Virtual Events 101: How To Transition Your In-Person Panel To A Digital Platform
Maccabee dives deeper into the topics of virtual events during our Sharper Angle digital event series. Watch the recording here for more insights into transitioning events to digital platforms.
SXSW. Coachella. The Tony Awards. Some of the world’s largest events have been cancelled or postponed because of COVID-19, a pandemic that has left many brands attempting to figure out the best ways to translate in-person events into virtual experiences.
One of Maccabee’s clients, Verde® Environmental Technologies Inc., maker of the Deterra® Drug Deactivation and Disposal System, recently had a key conference it participates in the RX Drug Abuse & Heroin Summit, move entirely to a digital platform. In partnership with the Deterra team, Maccabee worked with the moderator of the panel, along with three subject matter experts from across the country, to help prep them on the best ways to share their knowledge of the opioid epidemic in a compelling way, while maintaining the human connection that’s difficult to replicate when you’re not in the same room.
Below are our four tips to set you and your brand up for success if you find yourself planning a digital panel.
Preparation is the name of the game.
- Set up a pre-panel video conference to go through the technology and panel logistics, and conduct a brief run through of the first few questions to ensure each panelist is comfortable.
You want to be able to work out any technology or logistical issues before the actual panel discussion takes place.
- Make sure each of the speakers are conducting the test run from the actual physical location they will be presenting from to check sound quality, lighting and backgrounds. Ideally panelists are in a private, well-lit room and the background is simple and uncluttered.
- Adjust the camera angle to hit mid-chest of each speaker – you want to be able to see any hand gestures and this angle helps your panelists avoid being a “bobbing head” on the screen.
- Draft a script for your panel, and include prompts for who should respond to each question, to ensure the panel goes smoothly and panelists don’t talk over each other.
Technology is your friend.
- We conducted our panel using Zoom, using active speaker mode. Active speaker mode, where only one person is visible while they are talking, is an effective way to ensure that viewers focus on the speaker and avoid distractions. If you choose to record in active speaker mode, make sure the other panelists know it’s critical to not interrupt, because the camera will switch over to whoever is speaking at that moment, making for a not-so-great viewer experience.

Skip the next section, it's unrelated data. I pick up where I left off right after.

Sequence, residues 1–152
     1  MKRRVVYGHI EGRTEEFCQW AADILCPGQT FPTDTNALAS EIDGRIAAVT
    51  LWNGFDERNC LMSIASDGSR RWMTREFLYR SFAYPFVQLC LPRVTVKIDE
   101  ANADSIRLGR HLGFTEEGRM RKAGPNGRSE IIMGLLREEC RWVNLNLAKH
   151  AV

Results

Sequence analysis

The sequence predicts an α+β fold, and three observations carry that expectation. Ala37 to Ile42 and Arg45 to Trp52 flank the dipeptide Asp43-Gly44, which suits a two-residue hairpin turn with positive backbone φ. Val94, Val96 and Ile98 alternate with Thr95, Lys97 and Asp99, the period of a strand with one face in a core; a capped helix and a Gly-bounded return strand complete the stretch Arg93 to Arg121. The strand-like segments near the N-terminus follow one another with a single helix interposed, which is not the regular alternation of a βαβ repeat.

- If possible, have speakers connect to wired internet rather than WiFi and ensure your connection is stable.
- Consider pre-recording the panel to avoid “day-of” technical difficulties
Think through the day-of logistics.
- Identify someone on your team to have a private DM chat line with the moderator to give a head’s up if you run into any timing constraints, so he/she can move along the discussion.
- As part of the introduction to your virtual panel, have the moderator introduce everyone, giving each panelist an opportunity to say a brief hello, which allows conference attendees to identify each speaker. Pro tip: Update titles on the screen during your test run, so the title mention includes the speaker’s name as well as their official title.
- Have presenters close out of all programs on the computer they will use for the presentation, including all messaging services like Slack, to remove distractions. And to be on the safe side, have physical printouts of your panel’s questions and key messages available for easy reference.
- Each speaker should have a glass of water at the ready, as well as a notepad and pen to capture anything that he/she may want follow-up with after the panel.
Build in engaging elements and share the news.
- Our virtual panel for the RX Drug Abuse & Heroin Summit was pre-recorded, but the team still wanted to make sure we had engaging elements as part of the experience. Twitter was the priority platform for the attendees of our conference, so the team pre-drafted tweets
that were shared during the panel, and we also hosted a live Q&A after the panel was shared. Pro Tip: Be wary of prescheduling tweets as events may start early or late; instead have hashtags and twitter handles at the ready for one team member to post while another team member monitors for questions.
- Follow and use the conference hashtag for added visibility.
- Check with conference organizers for registered press or attendee lists. Once you have the list, you can share the link and key callouts after the event concludes.
- Make sure to record your session to share your hard work with customers, prospects, leads and internal team members.
As more brands adapt to the new normal, marketers and corporate communications professionals will likely see more shifts to digital platforms. We shouldn’t be afraid of that change. By following these tips for an all-digital panel, you’ll still be able to share information with your target audience in an engaging and effective way. And there are advantages of hosting a virtual panel – one benefit is that more people can “attend” your session since you’re not limited to room size as you would be at an in-person conference. Because of this very reason, the Deterra panel was seen by more than two times the in-person conference room count.
If you’re interested in watching the Rx Summit virtual panel we referenced as part of this post, check it out here. Want to learn more about how our Maccabee PR firm can help you with your next virtual panel? Visit our website.